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Archive for August, 2007

The Full Circle

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My article on Anil Kumble’s latest exploits, written specifically for and crossposted here.


There are a couple reasons why Anil Kumble comes to my mind every time I walk around M.G.Road in Bangalore. First, there is this road intersection named after him right in the heart of the city. When I first came to know of it, I was amused to find something like it. Cricket administrations and associations have a habit of naming stands in the stadium on state cricketers who made it big but this is an altogether different way of showing gratitude.

Second, not very far away is Bangalore’s Chinnaswamy Stadium. The sixteen runs Kumble made here, in company with Javagal Srinath’s equally valiant thirty, that made India defeat Australia in the third league match of the Titan Cup back in 1996, cast a shadow on an innings that was perhaps one of the best, if not the best, of an illustrious career — Mark Taylor’s only century in One Day Cricket. I like to think that the unbeaten innings of 16 runs that Kumble made that very night was his greatest contribution with the bat to the shorter version of the game. In Delhi that night, how I wished I was at the Chinnaswamy Stadium. The four towering flood light towers of the stadium are something that I envy to this day for they have been witness to such glory.

In Delhi’s Kotla, when Kumble got his 10 wickets in an innings against Pakistan, his first reaction had been that India had won. It took a moment or two for the feeling to sink in, that he had got all 10. It must have been a typically modest Kumble, dealing with yet another achievement. But the Oval test, in many ways, has shown us a side of the man that we have never come across.

This is probably why I have a feeling that for Kumble, his only century at this level must rank higher than his 10 on 10. Think like a bowler and you would probably discard a possibility of taking 10 wickets in an innings. A feat like that, if it ever came one’s way, is served with a big slice of luck. Furthermore, one does not plan for miracles. But deep inside, you won’t discard easily the feeling of hitting the cherry all over the ground like a top order batsman and contemplate hitting a ton. And if you happen to be one of those in the pavilion who shoots the defining moments on an SLR, while the Sachins and the Dravids raise their bat, the wide open arms towards the sky and say a silent prayer — you probably have played the sequence in your head and tried to live the moment countless times.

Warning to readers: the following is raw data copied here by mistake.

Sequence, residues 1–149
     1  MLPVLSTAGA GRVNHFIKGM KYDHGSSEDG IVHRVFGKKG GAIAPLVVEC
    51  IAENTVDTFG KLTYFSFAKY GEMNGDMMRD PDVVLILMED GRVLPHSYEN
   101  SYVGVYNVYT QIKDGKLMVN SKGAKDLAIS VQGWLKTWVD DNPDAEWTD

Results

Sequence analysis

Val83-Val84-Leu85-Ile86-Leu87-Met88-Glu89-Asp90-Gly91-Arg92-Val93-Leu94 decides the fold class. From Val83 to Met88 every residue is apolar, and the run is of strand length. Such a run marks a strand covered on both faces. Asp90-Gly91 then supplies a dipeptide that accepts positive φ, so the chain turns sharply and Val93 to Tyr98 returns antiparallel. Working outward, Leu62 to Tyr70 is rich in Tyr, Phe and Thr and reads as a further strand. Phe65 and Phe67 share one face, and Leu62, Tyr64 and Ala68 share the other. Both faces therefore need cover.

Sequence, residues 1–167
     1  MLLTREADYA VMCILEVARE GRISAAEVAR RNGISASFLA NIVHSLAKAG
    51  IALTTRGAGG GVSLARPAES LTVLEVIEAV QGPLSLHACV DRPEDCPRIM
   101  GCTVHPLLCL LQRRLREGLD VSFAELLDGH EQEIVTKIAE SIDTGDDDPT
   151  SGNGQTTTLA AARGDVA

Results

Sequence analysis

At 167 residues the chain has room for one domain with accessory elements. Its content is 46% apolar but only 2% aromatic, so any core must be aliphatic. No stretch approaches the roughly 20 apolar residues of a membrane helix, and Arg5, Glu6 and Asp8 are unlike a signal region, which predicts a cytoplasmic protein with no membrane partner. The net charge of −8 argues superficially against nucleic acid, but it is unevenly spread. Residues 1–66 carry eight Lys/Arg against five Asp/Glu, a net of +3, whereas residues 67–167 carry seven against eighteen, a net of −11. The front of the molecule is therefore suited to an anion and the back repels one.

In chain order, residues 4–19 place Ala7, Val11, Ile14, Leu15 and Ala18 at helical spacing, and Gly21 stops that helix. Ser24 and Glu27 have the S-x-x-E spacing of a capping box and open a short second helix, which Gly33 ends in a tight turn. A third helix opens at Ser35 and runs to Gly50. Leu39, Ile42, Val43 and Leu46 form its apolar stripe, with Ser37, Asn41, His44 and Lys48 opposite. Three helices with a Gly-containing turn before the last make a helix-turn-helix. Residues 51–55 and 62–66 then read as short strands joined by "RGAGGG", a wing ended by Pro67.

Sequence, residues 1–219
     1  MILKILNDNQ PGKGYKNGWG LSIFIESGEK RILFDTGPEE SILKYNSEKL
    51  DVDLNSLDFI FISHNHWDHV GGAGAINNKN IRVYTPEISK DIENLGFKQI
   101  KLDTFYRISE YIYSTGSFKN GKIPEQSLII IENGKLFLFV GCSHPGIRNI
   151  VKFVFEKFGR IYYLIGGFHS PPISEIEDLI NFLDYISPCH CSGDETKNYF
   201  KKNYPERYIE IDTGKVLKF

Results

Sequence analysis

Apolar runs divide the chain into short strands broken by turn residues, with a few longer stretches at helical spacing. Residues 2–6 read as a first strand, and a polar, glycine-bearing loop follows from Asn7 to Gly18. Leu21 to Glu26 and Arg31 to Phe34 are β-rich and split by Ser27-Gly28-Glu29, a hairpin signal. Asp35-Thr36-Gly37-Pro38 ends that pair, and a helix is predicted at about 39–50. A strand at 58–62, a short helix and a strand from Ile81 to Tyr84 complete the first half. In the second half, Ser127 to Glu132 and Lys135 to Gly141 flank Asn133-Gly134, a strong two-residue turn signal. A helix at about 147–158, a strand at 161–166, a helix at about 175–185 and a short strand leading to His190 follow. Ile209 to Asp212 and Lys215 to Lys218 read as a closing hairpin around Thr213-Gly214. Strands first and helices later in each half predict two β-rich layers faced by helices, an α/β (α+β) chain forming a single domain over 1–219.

Moments after Anil Kumble tucked the bat while coming down the track on the London Oval, it seemed like Kumble had not, for a change, come of age. Instead, the man had turned into a child, a 16 year old child who had somehow made it big finally. His helmet came off as if it were the biggest but the last obstacle to a celebration marking the realization of a personal dream that he had been secretly nurturing for years.

And that is why, after what was witnessed on 10th August 2007, “Anil Kumble Circle” — that intersection at Bangalore’s MG Road, will mean more than one thing to me. Not only will it indicate one of the busiest traffic intersections in Bangalore named after India’s greatest matchwinner, but it will also mark a life that has finally come full circle, for a man who has played the role of an unsung hero for most of his part in Indian cricket.

Written by aditya kumar

August 15th, 2007 at 11:58 pm

Chak De India

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No Spoilers Ahead

I would have watched Chak De India even if the Friday reviewers had torn it apart.

Shahrukh Khan. A dozen women. And no love story. Not even close to it. I mean, if this does not ignite my curiosity maybe nothing else will.